A humanitarian aid shipment from the United States to Pakistan is seen in this photo the U.S. embassy shared on Twitter.
A humanitarian aid shipment from the United States to Pakistan is seen in this photo the U.S. embassy shared on Twitter.

ISLAMABAD - The United States has donated 100 medical ventilators to support Pakistan in its fight against COVID-19.

"This donation delivers on President Donald Trump's generous offer of these critically needed supplies and supports Pakistan's urgent response to the pandemic," the U.S. Embassy said in a statement Friday.

The national tally of confirmed coronavirus cases in Pakistan, a country of 220 million people, has surpassed 222,000, with nearly 4,600 patients dying since officials detected the outbreak four months ago.

"The United States has been kind and generous particularly in the context of COVID where the U.S. has actually designated Pakistan as one of the 10 priority countries," Asad Majeed Khan, the Pakistani ambassador to the U.S., told an online forum in Washington on Thursday.

FILE - Health workers take a nasal swab sample during a testing and screening operation for the new coronavirus, in Hyderabad, Pakistan, June 26, 2020.

The Trump administration has contributed nearly $27 million in new funding to help Islamabad build capacity and expand laboratory testing, disease monitoring and patient care, among other challenges to combat the pandemic.

"We are also thankful for Pakistan's contribution of medical supplies to help fight coronavirus in the United States," noted the U.S. Embassy statement.

In a rare move in May, the Pakistani government sent medical supplies to the U.S., in what officials said was a "token of friends and solidarity" with Washington.

The shipment included 100,000 protective masks and 25,000 coveralls for donation to the U.S. Federal Emergency Management Agency.

"Appreciate Pakistan's goodwill donation of surgical masks and protective suits to FEMA. This delivery is a symbol of U.S.-Pakistan solidarity in the fight against COVID-19," said U.S. Secretary of State Mike Pompeo at the time.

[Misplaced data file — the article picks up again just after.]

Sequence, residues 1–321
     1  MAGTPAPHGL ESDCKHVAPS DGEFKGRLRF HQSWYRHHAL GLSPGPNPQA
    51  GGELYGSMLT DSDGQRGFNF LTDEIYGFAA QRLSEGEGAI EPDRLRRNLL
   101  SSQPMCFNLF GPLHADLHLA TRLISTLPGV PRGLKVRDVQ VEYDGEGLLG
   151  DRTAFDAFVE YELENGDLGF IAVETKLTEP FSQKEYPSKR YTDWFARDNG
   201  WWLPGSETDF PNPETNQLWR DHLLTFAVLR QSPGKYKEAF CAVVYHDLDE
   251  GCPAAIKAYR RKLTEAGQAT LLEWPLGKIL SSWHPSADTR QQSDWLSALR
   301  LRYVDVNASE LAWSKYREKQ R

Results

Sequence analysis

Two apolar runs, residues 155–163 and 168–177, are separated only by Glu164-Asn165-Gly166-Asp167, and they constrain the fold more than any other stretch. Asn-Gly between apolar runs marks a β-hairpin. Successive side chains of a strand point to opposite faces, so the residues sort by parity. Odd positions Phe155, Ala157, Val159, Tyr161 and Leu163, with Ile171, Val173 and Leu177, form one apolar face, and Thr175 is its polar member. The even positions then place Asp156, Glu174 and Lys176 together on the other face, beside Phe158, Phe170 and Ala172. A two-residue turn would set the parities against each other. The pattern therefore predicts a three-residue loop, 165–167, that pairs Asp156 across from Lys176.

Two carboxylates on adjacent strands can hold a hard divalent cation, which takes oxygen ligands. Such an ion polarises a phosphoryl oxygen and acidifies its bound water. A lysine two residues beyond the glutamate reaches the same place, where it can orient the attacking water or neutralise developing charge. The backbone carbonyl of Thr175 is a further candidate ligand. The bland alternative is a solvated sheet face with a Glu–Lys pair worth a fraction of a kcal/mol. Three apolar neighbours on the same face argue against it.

Pakistan also donated the drug chloroquine to the U.S. when the drug was being explored as a treatment option against coronavirus. The U.S. Food and Drug Administration has since cautioned against the treatment because of heart risks. COVID-19 has infected more than 2.7 million Americans, killing more than 130,000.

US-Pakistan political ties

Pakistani Prime Minister Imran Khan told parliament last week that his country's often uneasy and mistrusted relations with Trump's administration have seen significant improvement over the past two years.

The apparent improvement in bilateral ties stems from Islamabad's close cooperation with Washington to help end two decades of war in neighboring Afghanistan, the scene of America's longest overseas military intervention.

FILE - Pakistan’s Prime Minister Imran Khan shakes hands with U.S. President Donald Trump at the start of their meeting in the Oval Office of the White House in Washington, July 22, 2019.

Trump has held three meetings with the Pakistani prime minister since their first interaction at the White House in July 2019. The U.S. president in those meetings repeatedly vowed to enhance bilateral trade and economic ties, and he also offered to mediate Pakistan's Kashmir territorial dispute with rival India.

Pakistani ambassador Khan, while addressing the online forum arranged by the magazine Washington Diplomat, on Thursday said his government was hopeful that Trump in the lead up to the U.S. election will get himself involved in Kashmir diplomacy.  
 
"We are still convinced today that if any country that can make a difference and can perhaps convince India and basically inject some rationality into their (Indian) actions, it is the United States of America and it is the president of the U.S.," Khan asserted.

India rejected Trump's offer of mediation in line with its stated policy that it is opposed to any third-party intervention and wants to settle the Kashmir dispute with Pakistan with bilateral talks. 

Security lockdown

Military tensions between the two nuclear-armed rival nations have spiked particularly since last August, when Prime Minister Narendra Modi's Hindu nationalist government revoked Kashmir's partial autonomy and imposed a strict security lockdown in the Muslim-majority region to deter violent reaction to its controversial actions.

Islamabad rejected the action as a violation of a United Nations Security Council resolution that recognizes Kashmir as disputed territory and prevents either side from altering its status. India controls two-thirds of the region and Pakistan the rest, with both claiming Kashmir in its totality.  
 

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